Researchers have found that your height indicates the likelihood of the cause of your death.

The meta-analysis, published in the International Journal of Epidemiology, examined over 130 studies, collecting data for 1.1 million people's heights and the causes of their death.

The study participants were born between the years 1900 and 1960. An overwhelming majority, 93 percent, lived in North America and Europe; 85 percent of the participants were Caucasian. The investigators controlled for the increase in average height over time.

The average height of men in the study was five feet eight, or 173 centimeters. The average height of women was five feet three, or 160 centimeters.

They found that short people are more likely to die from heart problems, strokes and mental illnesses, while tall people are more likely to die from cancer.

The link between height and mortality is not a new one according to David Batty, an epidemiology and public health researcher at the University College London, who was not part of the study. In the early days of insurance, companies linked height with survival, says Batty to MyHealthNewsDaily. Indeed, researchers consider this study, certainly the largest, to be one of confirmation, not discovery.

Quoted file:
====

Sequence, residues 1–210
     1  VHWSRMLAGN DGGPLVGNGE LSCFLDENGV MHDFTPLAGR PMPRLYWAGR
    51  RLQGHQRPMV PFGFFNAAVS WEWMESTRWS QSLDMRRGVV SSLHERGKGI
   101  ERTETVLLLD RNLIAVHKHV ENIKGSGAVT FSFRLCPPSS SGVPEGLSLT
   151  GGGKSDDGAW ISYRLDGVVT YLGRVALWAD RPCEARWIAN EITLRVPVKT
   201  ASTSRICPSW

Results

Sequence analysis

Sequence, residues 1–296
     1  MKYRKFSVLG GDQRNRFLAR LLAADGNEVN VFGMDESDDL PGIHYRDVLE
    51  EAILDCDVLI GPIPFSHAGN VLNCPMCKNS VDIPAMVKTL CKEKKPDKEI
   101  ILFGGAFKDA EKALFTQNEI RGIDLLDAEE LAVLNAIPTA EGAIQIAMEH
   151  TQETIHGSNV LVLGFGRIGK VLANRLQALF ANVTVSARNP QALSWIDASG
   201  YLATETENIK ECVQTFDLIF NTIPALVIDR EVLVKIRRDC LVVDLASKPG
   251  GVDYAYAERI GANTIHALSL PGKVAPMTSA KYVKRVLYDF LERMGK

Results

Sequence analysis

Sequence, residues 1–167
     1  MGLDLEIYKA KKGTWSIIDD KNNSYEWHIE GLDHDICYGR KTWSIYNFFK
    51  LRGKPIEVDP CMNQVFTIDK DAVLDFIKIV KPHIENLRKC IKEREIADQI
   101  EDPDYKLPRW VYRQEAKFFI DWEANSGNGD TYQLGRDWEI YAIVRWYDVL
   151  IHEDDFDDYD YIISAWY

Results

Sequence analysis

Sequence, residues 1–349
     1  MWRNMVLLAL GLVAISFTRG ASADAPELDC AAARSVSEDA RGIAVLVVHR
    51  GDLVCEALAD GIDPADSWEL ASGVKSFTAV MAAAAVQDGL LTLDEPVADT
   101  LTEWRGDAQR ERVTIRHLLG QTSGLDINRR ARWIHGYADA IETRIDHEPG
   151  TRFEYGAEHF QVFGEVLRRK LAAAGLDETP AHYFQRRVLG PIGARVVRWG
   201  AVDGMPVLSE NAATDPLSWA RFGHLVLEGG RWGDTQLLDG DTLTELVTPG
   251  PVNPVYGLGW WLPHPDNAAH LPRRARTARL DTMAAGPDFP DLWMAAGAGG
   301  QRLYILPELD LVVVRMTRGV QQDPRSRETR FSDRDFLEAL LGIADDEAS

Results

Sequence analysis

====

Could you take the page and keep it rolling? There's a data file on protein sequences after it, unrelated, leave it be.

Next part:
Height has been linked with cause of death for some time, because height can often be an indication of childhood conditions. How tall an adult is may not necessarily be how tall they could have been; genetic factors, as well as social circumstances, nutrition, or stress, have been named as childhood factors in adult height.

Plus, socioeconomic factors – heavily linked with height – influence people well into adulthood, as the socioeconomic class into which a person was born is greatly indicative of the socioeconomic class into which a person will live as an adult. People who are taller also tend to be hired at greater frequency than their shorter peers.

According to Batty, taller people are often leaner, exercise more often, and smoke in smaller numbers. They tend to have lower cholesterol and blood pressure, as a result, which is why shorter people tend to die in greater numbers from heart problems, notes Batty to MyHealthNewsDaily.

Meanwhile, taller people tend to have larger organs, increasing the likelihood of the development of cancerous cells.